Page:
15 Performance Anxiety Tips

Dr. Michael Dean “ClarinetMike” Performing for High School Students

All-Region Auditions! Chair Tests! Music Juries! Final Exams!

One of the most frequent questions I get in lessons, master classes, clinics, etc. is how to deal with the normal stress of playing in front of people. Therefore, I’ve decided to repost some common sense tips on dealing with performance anxiety.

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15 Performance Anxiety Tips by Dr. Michael Dean “ClarinetMike”

Successfully dealing with the concerns of playing or singing in stressful situations, such as recitals, contests, auditions, etc. is an important part of being a good musician. I have found the following tips useful with my students and in my own performing.

  1. Nervous is Normal. This is very important. The goal is not to eradicate nervousness. It is to perform well without letting nerves get in the way.
  1. There is a Tomorrow. Very few times in our lives do our careers hinge on a single performance. Also, not too many people die while performing!
  1. Be Confident/Be Positive. The key is to act or “be” confident whether you feel confident or not.
  1. Have a Routine. Most success is planned, so having a performing ritual will help.
  1. Prepare Music Well with Good Fundamentals. Music must be thoroughly practiced with sound basics of relaxation/body position, tone, rhythm, and technique. So, turn off that TV [and INTERNET!] and get to the practice room!
  1. Make Music. Understand that the point of performing is to make music. Careful reflection on this and related topics are an essential part of dealing with performance anxiety and good music-making in general.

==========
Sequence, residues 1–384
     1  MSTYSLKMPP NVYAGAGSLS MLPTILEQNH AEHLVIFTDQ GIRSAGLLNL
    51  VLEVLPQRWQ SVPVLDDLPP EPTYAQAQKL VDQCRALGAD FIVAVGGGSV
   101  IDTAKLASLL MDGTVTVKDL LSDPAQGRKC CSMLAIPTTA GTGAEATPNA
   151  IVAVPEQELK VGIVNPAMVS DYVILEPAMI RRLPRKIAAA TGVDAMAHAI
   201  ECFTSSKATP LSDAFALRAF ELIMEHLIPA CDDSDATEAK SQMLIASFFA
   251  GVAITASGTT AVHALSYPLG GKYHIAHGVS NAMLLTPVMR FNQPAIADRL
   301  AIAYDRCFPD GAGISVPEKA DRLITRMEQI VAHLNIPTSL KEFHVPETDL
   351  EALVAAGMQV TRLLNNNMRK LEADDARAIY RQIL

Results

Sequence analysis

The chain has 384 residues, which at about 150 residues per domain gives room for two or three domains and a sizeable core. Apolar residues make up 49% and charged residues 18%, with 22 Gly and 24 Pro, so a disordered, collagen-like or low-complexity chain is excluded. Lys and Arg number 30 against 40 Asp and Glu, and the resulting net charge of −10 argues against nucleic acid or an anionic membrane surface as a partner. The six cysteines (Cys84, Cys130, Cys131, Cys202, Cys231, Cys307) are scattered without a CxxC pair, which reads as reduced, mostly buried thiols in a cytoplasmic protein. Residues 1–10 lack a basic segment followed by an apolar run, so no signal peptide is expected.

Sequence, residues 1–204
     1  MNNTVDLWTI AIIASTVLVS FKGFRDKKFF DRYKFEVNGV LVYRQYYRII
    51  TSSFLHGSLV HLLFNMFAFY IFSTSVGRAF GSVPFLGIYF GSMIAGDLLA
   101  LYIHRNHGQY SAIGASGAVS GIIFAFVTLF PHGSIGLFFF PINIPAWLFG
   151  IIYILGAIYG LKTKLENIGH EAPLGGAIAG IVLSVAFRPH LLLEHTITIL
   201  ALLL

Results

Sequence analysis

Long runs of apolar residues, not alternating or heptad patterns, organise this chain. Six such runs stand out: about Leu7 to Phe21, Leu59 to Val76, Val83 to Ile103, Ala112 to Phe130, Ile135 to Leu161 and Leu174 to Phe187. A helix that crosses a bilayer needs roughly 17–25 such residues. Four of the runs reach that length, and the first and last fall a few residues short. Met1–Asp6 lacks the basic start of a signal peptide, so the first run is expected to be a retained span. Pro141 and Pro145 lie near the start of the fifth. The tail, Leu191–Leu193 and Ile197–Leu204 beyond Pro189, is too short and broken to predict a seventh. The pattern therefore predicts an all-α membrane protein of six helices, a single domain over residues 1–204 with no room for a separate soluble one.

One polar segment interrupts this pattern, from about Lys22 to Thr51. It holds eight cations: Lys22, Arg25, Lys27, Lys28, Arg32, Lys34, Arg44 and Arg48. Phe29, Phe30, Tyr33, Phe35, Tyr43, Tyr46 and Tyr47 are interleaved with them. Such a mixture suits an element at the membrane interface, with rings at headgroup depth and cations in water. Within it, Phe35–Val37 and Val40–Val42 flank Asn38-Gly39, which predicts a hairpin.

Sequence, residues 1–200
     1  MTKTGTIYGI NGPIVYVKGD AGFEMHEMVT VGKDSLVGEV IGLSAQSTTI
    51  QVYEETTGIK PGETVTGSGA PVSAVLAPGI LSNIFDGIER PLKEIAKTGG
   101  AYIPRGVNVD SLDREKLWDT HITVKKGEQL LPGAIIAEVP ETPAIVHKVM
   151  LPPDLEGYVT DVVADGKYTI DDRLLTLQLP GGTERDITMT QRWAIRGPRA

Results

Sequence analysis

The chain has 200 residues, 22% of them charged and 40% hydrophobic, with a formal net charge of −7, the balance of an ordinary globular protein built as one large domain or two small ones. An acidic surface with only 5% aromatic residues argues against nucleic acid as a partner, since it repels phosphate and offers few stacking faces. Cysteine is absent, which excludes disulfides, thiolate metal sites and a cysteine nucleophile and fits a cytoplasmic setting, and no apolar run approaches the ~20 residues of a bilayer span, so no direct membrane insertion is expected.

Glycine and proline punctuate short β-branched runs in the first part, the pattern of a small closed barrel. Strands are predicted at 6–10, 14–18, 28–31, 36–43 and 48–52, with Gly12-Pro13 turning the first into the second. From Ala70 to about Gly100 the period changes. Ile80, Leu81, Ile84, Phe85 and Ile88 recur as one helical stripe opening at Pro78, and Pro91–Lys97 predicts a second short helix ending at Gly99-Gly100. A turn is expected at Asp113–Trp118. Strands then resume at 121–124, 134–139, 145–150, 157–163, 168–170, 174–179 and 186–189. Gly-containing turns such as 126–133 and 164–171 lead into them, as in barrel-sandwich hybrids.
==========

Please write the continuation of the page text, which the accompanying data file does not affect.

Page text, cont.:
1. Avoid Alcohol, Drugs, etc. Be wary of chemicals that alter you. My university band director would always tell us that, “Performing and alcohol do not mix.”
  1. Breathe. Spend the first few minutes on stage thinking about your air use. Further, make sure the breath marks are well-conceived and clearly marked on your music.
  1. Eat Bananas. Chop up a few of them on your cereal on the morning of a big performance. They have natural ingredients that help deal with stress.
  1. Eat Right/Exercise/Sleep 8 Hours A Night. Eating burritos at 1 a.m. the night before an 8 a.m. audition is usually not a good idea. Also, “Every hour of sleep before midnight counts as two” is a good old rule to follow.
  1. Relax in your Body/Concentrate in your Mind. Usually we do the opposite.
  1. Get in the Hall Before the Performance. The day before would be best, but playing a little on the stage even an hour or two before “Showtime” helps.
  1. Check your Clothes Before You Walk on Stage. Make sure your performing clothes are not too tight and/or restrictive. (I think we all know why clothes we have not worn recently might be too tight, don’t we?)
  1. DO IT!! There is no magic formula for dealing with performance anxiety. Learning to perform well takes time. It is more like exercising than turning on a light switch. Try to make small improvements every time you perform. Always be looking for opportunities to perform.

[15.] ClarinetMike says, “LOAD the music carefully with lots of SMART PRACTICE and then UNLOAD fearlessly – GO FOR IT!”